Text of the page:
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September - October Health News

Michelle Crowder, ND - Licensed Naturopathic Physician


Thank you all for the support over the past year - you have helped me establish and grow my naturopathic medical practice in Metro Detroit. I am finding l have less time to devote to newsletters, so I am transitioning to bi-monthly or quarterly distribution. Stay up to date by visiting me on Facebook and Twitter, where I post throughout the week.   

There are still a few spots available in my 14-Day Fall Detox! I am extending the registration deadline until this Friday, October 3rd. Please email me ( ASAP if you are interested in participating. It is a great chance to experiment with new eating and lifestyle habits with the support of a group and the guidance of a doctor. 

Previous newsletter from August 2014.
Archive of past newsletters. 
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En salud,

75 Barclay Circle, Suite 225
Rochester Hills MI 48307


Register Now!

14-Day Fall Detox

I hope you can join this physician-guided detox aimed at reducing inflammation and identifying hidden food sensitivities. Delicious, antioxidant-rich foods, detoxification smoothie to support liver metabolism, and daily self-care.  

Program runs October 10th - 23rd, with an evening class on October 7th at 6:30pm. $100 includes all supplements and supplies, handouts, and personal guidance. 5 spots left! Please register by October 3rd! Click here for more information, including how to register.

October 6th - 12th! 

Congress has recognized, with bipartisan support, the ability of naturopathic physicians to “provide safe, effective, and affordable health care” and to play an essential role in addressing the nation’s pressing shortage of primary care physicians. Get involved and help spread awareness of naturopathic medicine by signing up for news and updates from the Michigan Association of Naturopathic Physicians. Stay tuned to our Facebook page during the week for daily posts on the benefits of naturopathic medicine!
As of January 2015, the office of Colleen Kennedy, D.O., including myself, will be located at:
427 W. University Dr.
Rochester MI 48307

This is 3 miles from our current location.

S L E E P . . . 

Sleep has been a fascination of mine for years. Like the majority of Americans, I have struggled with insomnia. For me, it is a chronic problem that I have learned to manage over the years, in part by understanding the root causes for me individually. I do the same with my patients. Through history and lab testing, we elucidate the various obstacles standing in the way of a quality night's sleep. Then we seek to remove those obstacles through a customized approach that may include lifestyle modification, dietary changes, botanical medicine, or supplementation of specific nutrients. 

Why We Need It
Sleep is vital and can be a very restorative experience for the body when healthy patterns are intact. Some of the functions of sleep include:
  • Memory Consolidation. Sleep is a time when the information and experiences we encounter throughout the day are processed and integrated into existing neural networks. Memories are created and strengthened. Sleep deprivation in general is associated with a decrease in working memory - this means we are less able to simultaneously hold different pieces of information in our heads, making complex thinking and multi-tasking more difficult. Loss of REM sleep in particular reduces procedural memory - the ability to perform actions like tying shoes or flying an airplane. Loss of non-REM sleep reduces declarative memory - the ability to recall facts and events. (1, 2, 3
  • Tissue Repair and Regeneration. Sleep is an anabolic state in which tissues are “built up.” Wound healing is disrupted by sleep loss. Immune cell counts decrease, making us more susceptible to infection and cancer. Growth Hormone is released shortly after sleep onset, promoting tissue repair and growth.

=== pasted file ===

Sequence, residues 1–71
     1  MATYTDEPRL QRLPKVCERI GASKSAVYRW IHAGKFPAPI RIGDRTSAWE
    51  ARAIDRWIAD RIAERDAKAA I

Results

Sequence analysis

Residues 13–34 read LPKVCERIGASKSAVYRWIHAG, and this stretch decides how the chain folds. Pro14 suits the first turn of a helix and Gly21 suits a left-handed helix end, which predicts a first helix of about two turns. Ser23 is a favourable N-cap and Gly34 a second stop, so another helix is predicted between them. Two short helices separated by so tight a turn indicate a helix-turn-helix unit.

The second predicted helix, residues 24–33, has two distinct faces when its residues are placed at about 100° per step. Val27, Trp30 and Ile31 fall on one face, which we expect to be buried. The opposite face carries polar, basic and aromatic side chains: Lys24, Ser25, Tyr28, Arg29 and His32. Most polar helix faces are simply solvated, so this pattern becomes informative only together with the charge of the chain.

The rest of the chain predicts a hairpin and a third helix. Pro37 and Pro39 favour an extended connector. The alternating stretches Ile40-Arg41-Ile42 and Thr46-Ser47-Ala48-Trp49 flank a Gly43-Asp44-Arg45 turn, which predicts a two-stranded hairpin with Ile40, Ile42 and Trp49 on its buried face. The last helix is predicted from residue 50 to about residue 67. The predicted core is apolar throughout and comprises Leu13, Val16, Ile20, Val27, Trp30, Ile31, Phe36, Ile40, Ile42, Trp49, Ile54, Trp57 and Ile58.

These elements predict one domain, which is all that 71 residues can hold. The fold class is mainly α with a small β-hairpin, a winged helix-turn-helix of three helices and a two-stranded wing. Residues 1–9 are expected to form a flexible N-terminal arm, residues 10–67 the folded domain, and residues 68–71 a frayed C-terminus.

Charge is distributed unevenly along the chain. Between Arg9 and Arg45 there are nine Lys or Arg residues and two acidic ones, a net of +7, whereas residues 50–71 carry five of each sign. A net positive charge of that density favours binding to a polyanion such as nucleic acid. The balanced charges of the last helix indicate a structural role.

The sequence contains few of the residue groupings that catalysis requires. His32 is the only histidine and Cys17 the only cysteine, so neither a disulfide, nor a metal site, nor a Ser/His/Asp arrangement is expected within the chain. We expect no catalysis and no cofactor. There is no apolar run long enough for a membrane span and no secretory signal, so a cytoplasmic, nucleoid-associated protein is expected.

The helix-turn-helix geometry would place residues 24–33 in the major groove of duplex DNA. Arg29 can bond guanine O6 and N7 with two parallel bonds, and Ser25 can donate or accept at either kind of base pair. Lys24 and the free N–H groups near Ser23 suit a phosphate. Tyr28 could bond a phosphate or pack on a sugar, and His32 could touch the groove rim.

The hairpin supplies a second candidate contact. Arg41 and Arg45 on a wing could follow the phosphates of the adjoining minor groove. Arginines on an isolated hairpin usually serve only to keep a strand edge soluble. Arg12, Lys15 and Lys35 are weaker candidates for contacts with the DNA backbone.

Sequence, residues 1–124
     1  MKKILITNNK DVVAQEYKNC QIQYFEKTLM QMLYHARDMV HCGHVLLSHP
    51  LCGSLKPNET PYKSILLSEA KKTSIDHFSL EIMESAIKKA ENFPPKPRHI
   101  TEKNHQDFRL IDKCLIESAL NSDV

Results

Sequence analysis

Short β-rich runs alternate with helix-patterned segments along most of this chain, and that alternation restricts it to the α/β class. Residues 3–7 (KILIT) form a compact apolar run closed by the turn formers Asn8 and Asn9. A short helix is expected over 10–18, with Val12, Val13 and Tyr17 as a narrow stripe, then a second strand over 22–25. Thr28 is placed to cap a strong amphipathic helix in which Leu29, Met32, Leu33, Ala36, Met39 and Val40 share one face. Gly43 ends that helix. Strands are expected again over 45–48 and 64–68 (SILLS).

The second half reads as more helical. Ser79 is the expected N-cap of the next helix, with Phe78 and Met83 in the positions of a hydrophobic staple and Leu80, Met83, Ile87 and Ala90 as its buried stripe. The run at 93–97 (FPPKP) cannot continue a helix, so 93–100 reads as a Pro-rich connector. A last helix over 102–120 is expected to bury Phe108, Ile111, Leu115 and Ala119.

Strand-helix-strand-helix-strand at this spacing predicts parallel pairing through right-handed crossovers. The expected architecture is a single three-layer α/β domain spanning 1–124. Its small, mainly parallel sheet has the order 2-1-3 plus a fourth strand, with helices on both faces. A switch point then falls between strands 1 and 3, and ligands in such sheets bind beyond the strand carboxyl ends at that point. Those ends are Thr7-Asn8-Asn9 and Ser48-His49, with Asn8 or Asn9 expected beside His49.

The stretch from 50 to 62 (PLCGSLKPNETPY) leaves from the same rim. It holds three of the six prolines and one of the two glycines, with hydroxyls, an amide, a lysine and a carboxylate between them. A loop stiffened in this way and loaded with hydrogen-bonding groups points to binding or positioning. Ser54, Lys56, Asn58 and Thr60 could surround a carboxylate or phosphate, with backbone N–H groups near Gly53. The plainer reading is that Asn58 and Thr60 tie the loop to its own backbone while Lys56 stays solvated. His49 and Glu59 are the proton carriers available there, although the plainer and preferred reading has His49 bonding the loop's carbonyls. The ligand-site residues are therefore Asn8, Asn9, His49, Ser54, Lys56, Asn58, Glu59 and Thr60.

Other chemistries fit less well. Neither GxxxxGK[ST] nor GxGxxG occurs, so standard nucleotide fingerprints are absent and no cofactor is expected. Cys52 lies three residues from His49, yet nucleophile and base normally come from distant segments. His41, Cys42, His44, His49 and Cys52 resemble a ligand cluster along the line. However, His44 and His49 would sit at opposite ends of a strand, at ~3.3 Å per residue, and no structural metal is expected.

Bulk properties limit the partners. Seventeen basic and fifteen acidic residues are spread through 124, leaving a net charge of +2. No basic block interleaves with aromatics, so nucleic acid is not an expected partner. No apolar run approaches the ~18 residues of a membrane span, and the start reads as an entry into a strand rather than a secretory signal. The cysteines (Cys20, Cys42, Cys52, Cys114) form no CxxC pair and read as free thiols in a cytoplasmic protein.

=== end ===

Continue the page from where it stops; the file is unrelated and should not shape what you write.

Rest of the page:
• Waste Removal. A fascinating 2013 study showed that lymphatic circulation in the brain increases during sleep, facilitating removal of metabolic wastes that build up during waking. Spaces between brain cells increased by 60% to promote clearance of particles such as amyloid beta, which is associated with Alzheimer’s disease. 

Some of the Health Impacts of Sleep Loss
Just one week of insufficient sleep (5.7 hours per night) resulted in changes in the expression of over 700 genes - including those involved in metabolism, inflammation, stress response, and the immune system. The week of poor sleep also intensified the impact of subsequent sleep loss on the body. 

Chronic sleep deprivation has a big impact on our hormones. Studies in which sleep was restricted to 4-6.5 hours per night for 6 days led to hormonal changes that impacted the body's stress response, appetite, and sugar metabolism.
  • Overall sympathetic ("fight or flight") response increased, while parasympathetic ("rest and digest") decreased. This means baseline stress levels were higher after several nights of insufficient sleep and digestive function may have been reduced. 
  • Evening cortisol levels increased, possibly exacerbating insomnia, and growth hormone signaling was altered - both of these influence how our bodies respond to sugar and could promote diabetes long-term.
  • Appetite-regulating hormones leptin and ghrelin shifted, and overall appetite was increased, especially for carbohydrate-rich foods (1, 2, 3).
  • When young, otherwise healthy sleep-deprived subjects ate breakfast, their glucose levels were significantly higher afterwards than well-rested control subjects - in fact, their response was similar to a pre-diabetic state (1, 2). 
So, just a few nights of insufficient sleep not only makes us hungrier for sugars, but it also makes our bodies less able to deal with the sugars - this could lead to long-term imbalances in blood sugar regulation, including insulin resistance and type 2 diabetes.   

Over the last 50 years, average sleep duration has decreased from 8.5 hours per night to less than 7 hours per night. This trend correlates with the rise in obesity, diabetes, and heart disease. As described above, the metabolic effects of sleep loss are quite profound. I believe it is highly probable that sleep loss contributes to the development of these modern chronic illnesses, and that addressing sleep is a necessary foundation for improving health. Researchers from the CDC offered a similar explanation for the increase in waist circumference seen in recent years. 

Improving Sleep 
For the majority of our evolutionary history, humans lived closer to nature and natural cycles than we do today. We spent more time outdoors, less time sitting, and didn't have access to artificial light from smartphones and tablets. Our bodies still appreciate this lifestyle. Many of our habits as modern humans have measurable impacts on sleep physiology that can be corrected via simple lifestyle changes.